for food and supplies, or ford this raging river.

What was it like watching it happen, were you afraid?

(voice-over): Everything I've been struggling for all my life, all of a sudden is gone, Efrain tells me.

He restores Corvettes for a living, but now his parched trailer is tossed. A few of his cars totaled by that wall of muddy water.

He and his wife Luz have been surviving in a house without power, burning their savings on generator fuel, to keep her insulin from spoiling. Life

was stressful enough, but then their trickle of a creek brought the highest water they'd ever seen.

My son was picking up the most important things as the water was coming up, just in case we needed to leave, he says.

(on-camera): Really, really. Oh, that must have been terrifying.

(voice-over): This is the blue-collar section of upscale Guaynabo, the same municipality where President Trump tossed those paper towels, as Mayor

Angel Perez stood by.

(on-camera): How would you describe the response of FEMA?

MAYOR ANGEL PEREZ, GUAYNABO, PUERTO RICO: It's been slowly, but it's there. They have given us water, food, tarps. So, now, they have changed

a little. They're going to assign a couple persons directly to each municipality. I think that's the right direction.

WEIR: Yes.

PEREZ: So, the help is coming.

WEIR (voice-over): With over 1,000 homes in his town damaged, he says the biggest needs are tarps for shelter and drinking water. Those plumes of

fuel pouring into the creek, a reminder of the health hazards of drinking off the land.

And he expresses hopes the Army Corps of Engineers can somehow replace his bridges.

(on-camera): Now, you are brand new in this job.

PEREZ: Forty days.

WEIR: Forty days? What a baptism by fire. I know you were appointed by the governor after a scandal with the previous mayor. Tell me about the

politics. Do you wish you could scream and beg for more help from the federal government or do you have to be careful about how you ask?

PEREZ: No, we want more help. And I know from my experiences FEMA has given us a lot of help. We need more help. And as I have meetings with

other mayors, I see the desperation.

WEIR (voice-over): Off-camera, Luz tells the mayor, I voted for your party and you forgot about us. We need water.

(on-camera): Have you seen FEMA? Have you seen any aid from the federal government? They haven't brought food or water here?

No, no.

(Voice-over): Bill Weir, CNN, Guaynabo, Puerto Rico.

(END VIDEOTAPE)

GORANI: Still such a dire situation there. After the break, she was described as a one-woman WikiLeaks. On Monday, Daphne Caruana Galizia was

murdered when her car exploded. We speak to a Maltese politician who is pointing fingers. Coming up next.

(COMMERCIAL BREAK)

[15:45:33] GORANI: Well, she had been described as a one-woman WikiLeaks uncovering corruption on the island of Malta. But on Monday, Daphne

Caruana Galizia was killed when her car exploded in the north of the country.

As Erin McLaughlin report, her son his calling it an assassination.

(BEGIN VIDEOTAPE)

ERIN MCLAUGHLIN, CNN CORRESPONDENT (voice-over): She was Malta's best- known investigative journalist. Daphne Caruana Galizia worked to expose political corruption at the highest levels.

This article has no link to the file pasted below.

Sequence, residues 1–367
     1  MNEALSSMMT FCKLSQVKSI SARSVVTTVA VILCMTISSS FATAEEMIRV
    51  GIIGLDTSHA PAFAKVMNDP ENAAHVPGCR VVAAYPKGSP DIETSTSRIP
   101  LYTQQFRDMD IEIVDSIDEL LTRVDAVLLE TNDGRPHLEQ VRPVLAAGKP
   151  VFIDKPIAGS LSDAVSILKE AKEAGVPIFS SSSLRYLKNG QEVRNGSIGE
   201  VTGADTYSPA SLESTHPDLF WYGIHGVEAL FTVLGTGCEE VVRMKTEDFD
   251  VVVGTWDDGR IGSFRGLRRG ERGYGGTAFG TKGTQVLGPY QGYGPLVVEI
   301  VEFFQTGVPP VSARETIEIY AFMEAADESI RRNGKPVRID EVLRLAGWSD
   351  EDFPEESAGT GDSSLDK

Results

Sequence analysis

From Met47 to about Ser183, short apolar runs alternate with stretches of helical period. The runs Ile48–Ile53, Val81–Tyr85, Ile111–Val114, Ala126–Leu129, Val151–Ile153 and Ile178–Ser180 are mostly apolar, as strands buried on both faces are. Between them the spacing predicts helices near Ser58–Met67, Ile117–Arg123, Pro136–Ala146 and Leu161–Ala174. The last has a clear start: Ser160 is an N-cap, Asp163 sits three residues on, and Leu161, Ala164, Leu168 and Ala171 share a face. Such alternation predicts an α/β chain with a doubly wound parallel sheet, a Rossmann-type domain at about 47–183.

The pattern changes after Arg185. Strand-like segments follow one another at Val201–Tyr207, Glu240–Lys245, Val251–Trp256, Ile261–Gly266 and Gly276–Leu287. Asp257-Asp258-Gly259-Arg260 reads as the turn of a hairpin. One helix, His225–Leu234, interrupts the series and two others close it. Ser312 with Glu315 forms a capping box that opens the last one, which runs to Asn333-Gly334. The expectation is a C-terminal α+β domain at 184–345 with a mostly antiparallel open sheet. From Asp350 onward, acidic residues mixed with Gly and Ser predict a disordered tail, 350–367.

On Monday, minutes after she left home, her car exploded. In an emotional Facebook post, her son Matthew describes the scene.

"I'm never going to forget running around the inferno in the field," he writes, "trying to figure out a way to open the door, the horn of the car

still blaring, screaming to policemen who turned up with a single fire extinguisher to use it. They stared at me, I'm sorry there's nothing we

can do," one of them said. "I looked down and there was my mother's body parts all around me. I realized they were right. It was hopeless."

EU authorities say she was seemingly targeted.

MARGARITIS SCHINAS, CHIEF SPOKESPERSON OF THE EUROPEAN COMMISSION: The right of a journalist to investigate, ask uncomfortable and report

effectively is at the heart of our values and needs to be guaranteed at all times.

We trust now that justice will be brought even if this will not be enough to right this wrong.

MCLAUGHLIN: "POLITICO" described Caruana Galizia as "a one-woman WikiLeaks." Her popular blog running commentary was one of the country's

most influential in politics. Her reporting was the main reason Prime Minister Joseph Muscat called for early elections.

She's alleged the prime minister and his wife were linked to the Panama Paper scandal. Muscat won the elections despite her allegations.

JOSEPH MUSCAT, PRIME MINISTER OF MALTA: She was a very harsh critic of mine. I think the harshest I ever had. She has been writing about me,

against me for the past decade or so.

And we are living in a free world. That's something that we always tolerated in the sense that it's obviously her right to write these things.

It's, obviously, to see my rights to protect myself, if I feel aggrieved, in court.

MCLAUGHLIN: Now, Dutch forensic experts and FBI agents are working to bring her killer to justice. Their first clue, perhaps her last blog post.

Half an hour before the explosion, Caruana Galizia wrote, "there are crooks everywhere you look now. The situation is desperate."

Erin McLaughlin, CNN.

(END VIDEOTAPE)

GORANI: My next guest had this to say on the killing. "Daphne Caruana Galizia has been killed. The rule of law has collapsed. Our democracy is

at stake. Simon Busuttil is an MP, a former Maltese opposition leader. He joins me from Valletta.

Did you know Daphne?

SIMON BUSUTTIL, FORMER MALTESE LEADER OF THE OPPOSITION: Yes, I know her personally. And, I mean, we're pretty much on the same wavelength

politically speaking, especially when it comes to the fight against corruption.

GORANI: So, you knew her personally. I imagine - how has this impacted you personally then?

BUSUTTIL: We are devastated. I am devastated personally. My immediate family and friends and colleagues are devastated. But I would add that the